YMO: Do you feel your appearance requirements for employees have been unfairly targeted?
YMO: Do you understand why people are under the impression, from these standards, that physical appearance is the predominant hiring qualification – more so than previous experience, skill or ability?
DC: There’s no evidence that physical appearances are the predominant hiring qualification. The emails that Gawker published don’t reflect the hiring concept that we’re pursuing. We’re trying to hire people that are trustworthy, that are tasteful, that wear the clothing in such a way that it presents an efficient communication to the customer.
That doesn’t mean excluding people of different shapes or sizes. If someone were missing an arm and they have good style, they’d be welcome.
YMO: How far up the ladder do the appearance requirements extend?
DC: It’s about taste. Some of the emails [from Gawker] were doctored. Some were communications between managers and employees not designed for public consumption or to be permanent declarations for the company as a whole. They weren’t part of the constitution of the company. They may relate to a particular store, or a particular employee or a particular problem.
[ed. note: I asked Charney to elaborate on which emails were doctored or false, but he couldn't recall a specific message. He did insist that on at least one unspecified email words not in the original were inserted.]
YMO: Why do you think Gawker would alter anything?
DC: Because it keeps you reading, and coming back to their site for more. Let’s be clear who the pawn is – possibly the victims of their gawking. It’s a site to embarrass and shame people at all costs. They have the power to use the force of satire and the force of the media to intrigue people. I think they’re reckless with it and I was disappointed with Gawker because I feel they could do something better with their force.
YMO: But should a photograph be such an important part of hiring?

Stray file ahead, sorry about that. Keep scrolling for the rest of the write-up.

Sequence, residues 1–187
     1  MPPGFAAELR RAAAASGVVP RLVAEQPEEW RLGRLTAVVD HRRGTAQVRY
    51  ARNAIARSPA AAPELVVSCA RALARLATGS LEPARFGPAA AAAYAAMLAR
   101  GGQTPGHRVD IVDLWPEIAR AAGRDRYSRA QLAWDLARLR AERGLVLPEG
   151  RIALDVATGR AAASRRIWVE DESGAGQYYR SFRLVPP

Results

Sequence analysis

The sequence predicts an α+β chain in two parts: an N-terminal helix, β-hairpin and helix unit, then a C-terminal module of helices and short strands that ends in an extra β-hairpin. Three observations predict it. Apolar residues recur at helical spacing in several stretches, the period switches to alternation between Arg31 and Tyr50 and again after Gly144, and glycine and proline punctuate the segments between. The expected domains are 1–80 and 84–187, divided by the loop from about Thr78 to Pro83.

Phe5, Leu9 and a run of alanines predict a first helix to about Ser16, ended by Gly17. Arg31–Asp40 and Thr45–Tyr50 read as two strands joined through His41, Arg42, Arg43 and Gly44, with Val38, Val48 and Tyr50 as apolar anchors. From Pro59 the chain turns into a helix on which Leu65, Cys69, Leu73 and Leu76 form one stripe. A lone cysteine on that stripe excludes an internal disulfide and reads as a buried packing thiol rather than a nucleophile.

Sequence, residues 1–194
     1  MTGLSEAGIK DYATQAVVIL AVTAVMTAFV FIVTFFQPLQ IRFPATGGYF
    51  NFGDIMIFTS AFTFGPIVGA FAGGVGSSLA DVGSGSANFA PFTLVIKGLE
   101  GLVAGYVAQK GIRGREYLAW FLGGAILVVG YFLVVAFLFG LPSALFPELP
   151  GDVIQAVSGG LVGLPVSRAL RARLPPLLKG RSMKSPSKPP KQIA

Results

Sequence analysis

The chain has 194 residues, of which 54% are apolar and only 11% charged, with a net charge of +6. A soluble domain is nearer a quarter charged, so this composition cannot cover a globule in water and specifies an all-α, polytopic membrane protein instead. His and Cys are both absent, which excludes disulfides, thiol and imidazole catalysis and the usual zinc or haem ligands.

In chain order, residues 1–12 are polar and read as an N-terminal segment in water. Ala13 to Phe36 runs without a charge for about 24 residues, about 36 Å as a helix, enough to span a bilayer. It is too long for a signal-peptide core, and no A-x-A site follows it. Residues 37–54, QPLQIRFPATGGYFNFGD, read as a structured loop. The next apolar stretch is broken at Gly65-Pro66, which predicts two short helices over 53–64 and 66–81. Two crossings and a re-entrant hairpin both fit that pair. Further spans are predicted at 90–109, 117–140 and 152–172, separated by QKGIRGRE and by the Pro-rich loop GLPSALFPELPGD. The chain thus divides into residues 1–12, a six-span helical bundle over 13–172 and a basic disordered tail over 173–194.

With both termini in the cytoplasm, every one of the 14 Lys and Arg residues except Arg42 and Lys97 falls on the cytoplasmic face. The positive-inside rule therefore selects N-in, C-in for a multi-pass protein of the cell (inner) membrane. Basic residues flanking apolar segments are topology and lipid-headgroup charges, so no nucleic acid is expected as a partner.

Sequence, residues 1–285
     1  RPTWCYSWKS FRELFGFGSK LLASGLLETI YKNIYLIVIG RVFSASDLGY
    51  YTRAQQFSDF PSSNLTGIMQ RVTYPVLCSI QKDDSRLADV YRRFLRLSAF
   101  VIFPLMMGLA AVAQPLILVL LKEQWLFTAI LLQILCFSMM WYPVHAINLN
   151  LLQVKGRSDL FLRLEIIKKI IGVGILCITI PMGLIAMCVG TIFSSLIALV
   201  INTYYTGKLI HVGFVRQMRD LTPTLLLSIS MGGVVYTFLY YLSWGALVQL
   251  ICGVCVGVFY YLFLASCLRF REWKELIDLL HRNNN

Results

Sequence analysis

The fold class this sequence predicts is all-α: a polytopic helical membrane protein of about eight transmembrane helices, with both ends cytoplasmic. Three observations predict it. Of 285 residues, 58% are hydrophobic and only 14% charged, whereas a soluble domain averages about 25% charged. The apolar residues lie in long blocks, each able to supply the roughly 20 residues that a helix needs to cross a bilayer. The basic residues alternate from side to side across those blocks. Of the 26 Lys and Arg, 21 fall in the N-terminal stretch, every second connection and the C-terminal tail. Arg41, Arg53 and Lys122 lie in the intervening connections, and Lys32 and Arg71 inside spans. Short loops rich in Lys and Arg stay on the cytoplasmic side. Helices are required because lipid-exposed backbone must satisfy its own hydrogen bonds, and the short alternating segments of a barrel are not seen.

DC: Photographing people head to toe is the right thing to do if you want to see how people present themselves to customers. It’s not for a beauty pageant like Miss America where we’re looking at someone’s breast size. We want to see their style.
The vast majority who work for us weren’t hired off of a photograph though. We want to hire people who wear our brand well and sometimes photographing someone is a matter of memory. If I interview 100 or 200 people and someone stands out, a photograph can make it easier for me to remember them.
YMO: But if someone had good retail experience, was good with customers, but didn’t intuitively dress in a certain way?
DC: If they were really good at retail, but they worked at a bondage store, maybe not. Look, someone who works at Hot Topic may be really good at retail, but Brooks Brothers wouldn’t hire them.
YMO: So if they’re not “90’s Vogue Chic”…
DC: That was a young worker’s way of describing the style.
YMO: So it’s not an official policy?
DC: Trying to describe a fashion sensibility – it’s difficult to put into words. Our customer is getting older, they’re getting more mature.
Madonna started wearing safety pins then became an elegant lady. She goes from punk to haute class, and our customer is going through that. In the same way that Levi’s followed the boomers, we’re following their kids.
That’s why we’re trying to regulate what people are wearing. We sell hooded sweatshirts, but we had people who looked like they were wearing their pajamas in the store. The sweatpants were American Apparel, but 2 sizes too big. Or someone would wear an old t-shirt…